On Saturday, I ran my fourth half marathon at the 8th annual Just a Short Run. It was definitely my worst. I’m not too disappointed, though, considering I didn’t really train for it. BTW, that was a bad idea; don’t emulate me. Anyhow, I finished without walking (not counting water stops) in 2:19:50. I’m still hopeful that I can finish the Ikea half marathon in less than two hours. I’ll definitely train for that, though. 😉
Quick Links for Today:
This morning I ran the Gomer Davis Pumpkin Chase 5K sponsored by the Wilmerding YMCA. The course was described as flat. Riiiight. It was what I’ve learned to call “Pittsburgh flat”. That is, there were about as many downhills as there were uphills, making the overall change in elevation close to zero. Balanced or not, the steep little hill near the end was a brutal way to finish. The weather was less than perfect – pretty chilly (mid 40’s) and drizzling.
I finished in 25:55 (8:21 pace). I didn’t record splits because the mile markers were not easy to see.
On a tangentially related note, I’ve found a really cool pace calculator and workout prep tool, Runner’s Projections. If you a stats-minded geek who runs, you’ll love it. 🙂
RunPro attempts to calculate equivalent racing abilities for various popular distances based on a specific performance. It’s purpose is to provide a means of comparing equivalent effort between races of different distances. Since it’s not possible to take into account the many variables that affect performance (weather, terrain, course accuracy, personal mental and physical prowess on a given day), you should take these things into consideration when contemplating the results of the program.
One of my favorite uses for RunPro is to plug in a time from a recent race to help determine my goal pace for an upcoming race. This is really handy when the races are of different distances.
RunPro assumes adequate training for all distances. There are many theories on what constitutes adequate training. One general rule of thumb is to have a weekly training base of 4 to 5 times the distance of the race.
A Training Guide is also displayed in the lower area. This guide uses the prediction tables to calculate and display estimated Lactate Threshold, and suggested training paces for various types of workouts including easy runs, long runs, steady runs, tempo runs, alternate miles and intervals.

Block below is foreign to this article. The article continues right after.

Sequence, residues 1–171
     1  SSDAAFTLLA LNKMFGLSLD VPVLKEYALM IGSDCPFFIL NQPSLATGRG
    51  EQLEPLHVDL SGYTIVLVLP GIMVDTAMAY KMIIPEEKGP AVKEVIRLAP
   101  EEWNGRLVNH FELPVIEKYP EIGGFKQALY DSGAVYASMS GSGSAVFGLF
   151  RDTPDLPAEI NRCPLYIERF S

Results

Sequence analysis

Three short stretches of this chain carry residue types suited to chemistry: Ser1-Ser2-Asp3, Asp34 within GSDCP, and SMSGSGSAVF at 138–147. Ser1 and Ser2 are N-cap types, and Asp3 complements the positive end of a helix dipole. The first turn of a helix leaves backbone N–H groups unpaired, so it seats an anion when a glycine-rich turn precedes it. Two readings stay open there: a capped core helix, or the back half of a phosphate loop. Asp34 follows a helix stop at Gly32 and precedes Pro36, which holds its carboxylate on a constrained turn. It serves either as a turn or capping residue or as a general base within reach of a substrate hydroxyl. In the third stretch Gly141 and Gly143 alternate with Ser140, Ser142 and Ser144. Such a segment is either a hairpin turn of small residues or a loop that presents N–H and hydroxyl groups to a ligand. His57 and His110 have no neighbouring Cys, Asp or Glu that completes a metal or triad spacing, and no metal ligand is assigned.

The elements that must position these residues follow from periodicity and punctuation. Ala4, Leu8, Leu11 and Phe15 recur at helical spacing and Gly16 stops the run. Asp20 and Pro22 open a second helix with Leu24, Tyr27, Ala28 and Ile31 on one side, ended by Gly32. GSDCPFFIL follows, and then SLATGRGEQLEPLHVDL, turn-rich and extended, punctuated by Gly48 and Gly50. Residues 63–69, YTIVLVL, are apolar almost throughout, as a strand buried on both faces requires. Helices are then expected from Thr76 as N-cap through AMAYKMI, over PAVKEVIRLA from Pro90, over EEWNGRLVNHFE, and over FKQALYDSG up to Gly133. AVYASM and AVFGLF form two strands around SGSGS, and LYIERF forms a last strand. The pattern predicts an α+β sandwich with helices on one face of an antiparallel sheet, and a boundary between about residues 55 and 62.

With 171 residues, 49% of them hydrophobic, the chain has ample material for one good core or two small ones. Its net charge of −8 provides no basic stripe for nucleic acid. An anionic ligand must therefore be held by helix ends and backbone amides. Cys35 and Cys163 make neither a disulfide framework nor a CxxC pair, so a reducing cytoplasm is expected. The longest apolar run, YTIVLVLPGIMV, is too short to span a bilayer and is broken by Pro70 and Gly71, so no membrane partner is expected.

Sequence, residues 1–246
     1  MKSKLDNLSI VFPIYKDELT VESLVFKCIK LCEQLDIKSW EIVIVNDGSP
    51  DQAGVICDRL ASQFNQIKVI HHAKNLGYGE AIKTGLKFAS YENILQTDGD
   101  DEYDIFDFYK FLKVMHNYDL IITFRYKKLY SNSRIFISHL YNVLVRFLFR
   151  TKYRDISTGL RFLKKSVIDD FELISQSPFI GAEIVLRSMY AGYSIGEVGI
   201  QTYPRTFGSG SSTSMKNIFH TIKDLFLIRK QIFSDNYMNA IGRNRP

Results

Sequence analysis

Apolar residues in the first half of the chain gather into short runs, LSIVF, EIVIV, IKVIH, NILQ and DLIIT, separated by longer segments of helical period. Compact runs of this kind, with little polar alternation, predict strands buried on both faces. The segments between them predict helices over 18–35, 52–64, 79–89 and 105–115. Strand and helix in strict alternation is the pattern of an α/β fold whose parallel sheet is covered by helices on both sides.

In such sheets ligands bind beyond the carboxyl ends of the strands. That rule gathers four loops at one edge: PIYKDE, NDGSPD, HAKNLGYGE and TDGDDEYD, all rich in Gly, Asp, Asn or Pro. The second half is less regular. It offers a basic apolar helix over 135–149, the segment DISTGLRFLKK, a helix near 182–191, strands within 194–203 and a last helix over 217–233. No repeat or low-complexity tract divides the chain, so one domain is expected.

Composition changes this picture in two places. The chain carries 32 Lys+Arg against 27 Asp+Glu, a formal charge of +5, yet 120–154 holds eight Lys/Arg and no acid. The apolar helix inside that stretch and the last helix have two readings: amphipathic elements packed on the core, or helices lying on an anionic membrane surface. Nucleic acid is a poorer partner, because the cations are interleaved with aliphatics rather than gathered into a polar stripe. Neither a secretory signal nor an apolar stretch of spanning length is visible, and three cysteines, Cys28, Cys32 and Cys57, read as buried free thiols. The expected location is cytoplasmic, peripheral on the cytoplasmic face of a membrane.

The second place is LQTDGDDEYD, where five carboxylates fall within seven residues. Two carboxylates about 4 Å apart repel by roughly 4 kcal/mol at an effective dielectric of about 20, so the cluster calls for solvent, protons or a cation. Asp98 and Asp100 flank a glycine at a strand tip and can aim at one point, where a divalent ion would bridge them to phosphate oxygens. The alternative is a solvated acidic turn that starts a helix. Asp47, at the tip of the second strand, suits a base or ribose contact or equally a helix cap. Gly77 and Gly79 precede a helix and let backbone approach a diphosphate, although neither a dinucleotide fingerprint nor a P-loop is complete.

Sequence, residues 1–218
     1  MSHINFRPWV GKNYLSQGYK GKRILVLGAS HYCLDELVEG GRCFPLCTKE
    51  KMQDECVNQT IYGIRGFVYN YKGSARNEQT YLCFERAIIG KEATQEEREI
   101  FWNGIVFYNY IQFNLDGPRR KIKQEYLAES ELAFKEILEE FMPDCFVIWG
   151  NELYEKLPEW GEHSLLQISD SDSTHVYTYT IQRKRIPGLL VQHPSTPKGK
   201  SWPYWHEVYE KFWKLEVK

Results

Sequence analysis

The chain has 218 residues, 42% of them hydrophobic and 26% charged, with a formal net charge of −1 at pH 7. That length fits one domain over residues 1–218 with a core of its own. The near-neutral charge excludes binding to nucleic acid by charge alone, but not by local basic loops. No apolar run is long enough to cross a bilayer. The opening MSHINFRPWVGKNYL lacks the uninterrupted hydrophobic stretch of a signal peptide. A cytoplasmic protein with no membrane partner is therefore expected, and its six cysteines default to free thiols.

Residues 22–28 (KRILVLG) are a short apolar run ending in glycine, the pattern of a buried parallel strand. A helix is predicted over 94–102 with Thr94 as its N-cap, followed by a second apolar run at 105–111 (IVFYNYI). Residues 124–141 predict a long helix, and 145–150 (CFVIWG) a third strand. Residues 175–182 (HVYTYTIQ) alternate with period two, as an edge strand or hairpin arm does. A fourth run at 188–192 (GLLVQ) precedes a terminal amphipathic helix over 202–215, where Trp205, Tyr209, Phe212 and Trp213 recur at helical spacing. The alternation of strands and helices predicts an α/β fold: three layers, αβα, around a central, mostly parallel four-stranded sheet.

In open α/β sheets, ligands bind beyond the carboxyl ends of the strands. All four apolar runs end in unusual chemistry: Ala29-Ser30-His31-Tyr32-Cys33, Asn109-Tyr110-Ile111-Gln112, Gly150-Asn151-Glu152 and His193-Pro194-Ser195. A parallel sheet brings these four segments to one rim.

Speaking of cool stuff, be sure to check out Complete Running Network.
In 2004, Complete Running was launched. Soon after, we created the world’s most comprehensive directory of running blogs – the Running Blog Family (RBF).
In August 2006, Complete Running was relaunched as The Complete Running Network – a collection of knowledgeable authors (mostly RBF alumni) with a passion for running. Topics include all facets of running including tips, gear, news, opinions, inspiration and much more.
My training with my WPTC buddies continues to go well. On Wednesday, I ran a mile, a half mile, and a quarter mile with short brakes in between. I ran them in 7:36, 3:36 (7:12 pace), and 1:34 (6:16 pace), respectively. I look forward to running a mile in less than 7:00 – perhaps even less than 6:45 – at next year’s Pittsylvania Mile. 🙂
My training has been going really well lately. On Wednesday, I did twelve 400 meter repeats. I did the first eleven in 2:00 each and the last in 1:20(!). Yesterday, I ran a very hilly course in Frick Park about 10.5K long in 51:00, a ~7:51 pace, which is faster than the 54:00 (8:43 pace) I ran in the Great Race 10K!
I think a really big help I had in both training runs was the 2006 Camelbak Catalyst 28 Oz Hydration Pack I just bought. I think I’ve been dehydrated in a lot of previous runs. There’s no way I’ve gotten that much faster in two weeks.
I’m really glad I bought a hydration pak and heartily recommend it to any aspiring distance runners. Just don’t make the mistake I made by ordering from BikeSomewhere.com. I don’t want to trash the company here, but if you want to know the crap I went through, just drop me a line. [muttering]!@#$ing morons…[/muttering]